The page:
Distinct from Mission is Vision, which is an eventual outcome, a picture of a future state towards which the organization is striving. If I were to invent one for Advanced Auto Parts, I could say: “A satisfied, diverse, extensive and well-informed clientele enthusiastically engaged with the firm as loyal clients, interested students, business partners and participants in our programs.” I just made this up on the spot, but I tried to make each element of the vision something fairly concrete to strive towards in one or another aspect of the business; it also describes a desired end state.

In the next post I’ll talk about the other elements of Strategic Identity.

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Risk Scenario Analysis

2010-06-17 / How to do Risk Assessment / 0 Comments

It is ironic that future scenario analysis, developed famously by Royal Dutch Shell, was not used when it should have been in that very same industry. AP reported on May 06 that:

“…a site-specific exploration plan filed by BP in February 2009 stated that it was “not required” to file “a scenario for a potential blowout” of the Deepwater well.”

Risk and international business managers could take a close look at risk scenario planning as a way to grapple with black swan risk, defined here in the Barnes and Noble synopsis of Nassim Nicholas Taleb’s book:

“an event, positive or negative, that is deemed improbable yet causes massive consequences.”

Doesn’t that definition, by the way, assume that you were able to at least identify the risk before deeming it improbable? Perhaps the true black swan risk is the one that broadsides you altogether. In any case, the value in future scenario planning is that it sidesteps the necessity to predict. It does not depend upon forecasting.

We all know business continuity scenarios are not like conventional risk management, not only because they deal specifically with disaster and emergency risk, but also because they focus on mission-critical functions, and often take an all-hazards approach. There will be significant areas of overlap in plans to address several different perils.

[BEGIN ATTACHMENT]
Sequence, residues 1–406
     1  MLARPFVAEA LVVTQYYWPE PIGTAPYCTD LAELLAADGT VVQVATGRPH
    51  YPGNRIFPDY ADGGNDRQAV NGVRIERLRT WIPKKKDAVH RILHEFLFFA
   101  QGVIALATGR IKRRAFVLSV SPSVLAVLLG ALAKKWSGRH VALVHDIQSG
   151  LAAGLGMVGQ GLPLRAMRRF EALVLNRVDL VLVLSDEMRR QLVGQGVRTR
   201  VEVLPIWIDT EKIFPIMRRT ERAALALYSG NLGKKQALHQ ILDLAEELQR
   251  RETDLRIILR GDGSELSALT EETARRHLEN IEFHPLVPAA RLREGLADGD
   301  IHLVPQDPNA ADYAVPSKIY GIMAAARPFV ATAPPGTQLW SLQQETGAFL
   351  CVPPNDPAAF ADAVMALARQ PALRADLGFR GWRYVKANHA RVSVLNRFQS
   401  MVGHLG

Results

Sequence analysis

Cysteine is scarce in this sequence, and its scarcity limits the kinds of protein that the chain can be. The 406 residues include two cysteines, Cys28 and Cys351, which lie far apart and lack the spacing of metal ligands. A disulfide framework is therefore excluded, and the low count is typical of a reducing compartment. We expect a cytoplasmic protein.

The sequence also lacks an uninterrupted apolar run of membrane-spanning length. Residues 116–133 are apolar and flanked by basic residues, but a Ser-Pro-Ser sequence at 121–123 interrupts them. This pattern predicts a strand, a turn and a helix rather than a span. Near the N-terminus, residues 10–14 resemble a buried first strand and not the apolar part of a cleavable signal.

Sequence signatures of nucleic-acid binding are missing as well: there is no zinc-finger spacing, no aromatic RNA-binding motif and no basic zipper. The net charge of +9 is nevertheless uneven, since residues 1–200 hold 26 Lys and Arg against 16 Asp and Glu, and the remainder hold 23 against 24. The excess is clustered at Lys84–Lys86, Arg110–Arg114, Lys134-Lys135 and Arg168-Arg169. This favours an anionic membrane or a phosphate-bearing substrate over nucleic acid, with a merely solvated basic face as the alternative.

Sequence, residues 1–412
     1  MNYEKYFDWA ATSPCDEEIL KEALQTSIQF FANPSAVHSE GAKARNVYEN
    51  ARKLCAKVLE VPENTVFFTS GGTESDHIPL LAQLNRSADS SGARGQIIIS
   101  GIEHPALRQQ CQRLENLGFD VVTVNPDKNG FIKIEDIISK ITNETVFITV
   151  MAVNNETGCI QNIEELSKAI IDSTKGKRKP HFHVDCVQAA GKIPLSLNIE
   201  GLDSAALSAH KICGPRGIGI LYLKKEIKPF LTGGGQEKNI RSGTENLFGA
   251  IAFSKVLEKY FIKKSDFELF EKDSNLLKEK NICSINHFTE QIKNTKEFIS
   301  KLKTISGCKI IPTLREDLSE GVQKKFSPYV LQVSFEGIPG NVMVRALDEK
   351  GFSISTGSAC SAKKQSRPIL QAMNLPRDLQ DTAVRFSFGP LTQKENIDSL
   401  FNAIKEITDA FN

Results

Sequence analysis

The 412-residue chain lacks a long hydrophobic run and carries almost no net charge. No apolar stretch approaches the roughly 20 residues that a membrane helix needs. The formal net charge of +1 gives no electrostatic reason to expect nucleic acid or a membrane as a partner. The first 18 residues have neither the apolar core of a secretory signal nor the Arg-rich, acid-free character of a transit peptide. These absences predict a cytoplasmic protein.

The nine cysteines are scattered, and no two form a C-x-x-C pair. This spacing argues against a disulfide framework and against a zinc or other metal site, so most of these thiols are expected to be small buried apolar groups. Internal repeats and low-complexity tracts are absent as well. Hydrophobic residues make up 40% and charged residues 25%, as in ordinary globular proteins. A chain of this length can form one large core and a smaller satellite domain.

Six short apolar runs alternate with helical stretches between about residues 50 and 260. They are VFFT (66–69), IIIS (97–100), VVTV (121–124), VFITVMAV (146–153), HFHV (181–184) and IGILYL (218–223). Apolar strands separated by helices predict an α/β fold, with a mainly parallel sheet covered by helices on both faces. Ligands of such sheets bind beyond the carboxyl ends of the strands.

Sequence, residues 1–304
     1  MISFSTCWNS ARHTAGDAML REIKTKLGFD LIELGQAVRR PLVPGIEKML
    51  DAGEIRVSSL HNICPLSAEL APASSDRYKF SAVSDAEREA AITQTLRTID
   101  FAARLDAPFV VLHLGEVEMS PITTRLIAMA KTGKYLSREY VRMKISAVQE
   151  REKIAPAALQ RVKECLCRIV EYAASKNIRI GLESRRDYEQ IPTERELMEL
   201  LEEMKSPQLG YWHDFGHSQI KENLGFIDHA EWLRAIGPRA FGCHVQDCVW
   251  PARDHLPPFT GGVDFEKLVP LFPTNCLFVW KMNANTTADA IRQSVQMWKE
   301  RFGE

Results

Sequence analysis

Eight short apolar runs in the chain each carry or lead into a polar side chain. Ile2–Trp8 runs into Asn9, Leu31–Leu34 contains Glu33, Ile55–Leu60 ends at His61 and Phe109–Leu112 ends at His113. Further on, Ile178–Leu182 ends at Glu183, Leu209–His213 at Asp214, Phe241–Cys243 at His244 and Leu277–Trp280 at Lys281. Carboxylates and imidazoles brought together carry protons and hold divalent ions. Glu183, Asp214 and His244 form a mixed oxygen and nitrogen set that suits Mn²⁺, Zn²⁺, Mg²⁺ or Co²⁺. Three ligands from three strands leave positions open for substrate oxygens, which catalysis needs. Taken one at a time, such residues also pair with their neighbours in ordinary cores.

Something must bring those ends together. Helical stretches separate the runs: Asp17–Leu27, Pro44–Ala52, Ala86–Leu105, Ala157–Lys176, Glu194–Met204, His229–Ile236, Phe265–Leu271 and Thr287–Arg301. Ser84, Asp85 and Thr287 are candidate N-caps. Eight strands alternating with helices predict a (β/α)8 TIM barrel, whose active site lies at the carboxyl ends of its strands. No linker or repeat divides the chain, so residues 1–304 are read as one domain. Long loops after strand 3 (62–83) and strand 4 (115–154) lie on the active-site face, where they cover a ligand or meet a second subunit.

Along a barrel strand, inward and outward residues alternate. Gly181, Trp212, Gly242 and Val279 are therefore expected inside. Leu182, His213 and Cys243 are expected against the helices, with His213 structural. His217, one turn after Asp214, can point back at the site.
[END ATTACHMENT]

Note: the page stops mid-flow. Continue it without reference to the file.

Similarly, risk scenario analysis is interested in resilience, and starts from a consideration of a core mission. You define the trends with the most significant influence upon that mission, and then create extreme – but plausible – scenarios. The advantage is that you are not relying on one narrow prediction or forecast. You have instead rich scenarios that present conditions that challenge your organization’s survival in different ways.

The team can then plan pre-event treatment, and adjust its plans to meet difficult conditions in something like an all hazards approach.

Risk practitioners point out another advantage to future scenario analysis. It permits a freer discussion than is normally held to identify essential business functions, assets at risk, types of threats, and the longevity and relevance of the organization’s very mission. For example, if the team determines that, in three out of four future scenarios, shifts in industry practice, business models and technology would likely render the core business obsolete, they might well re-evaluate their strategic direction.

I have put in a proposal to RIMS to develop another risk assessment online course [update: Creating Value: Risk Manager as Innovator — up and running], in which I would include a module on risk scenario analysis, using the future scenario planning model.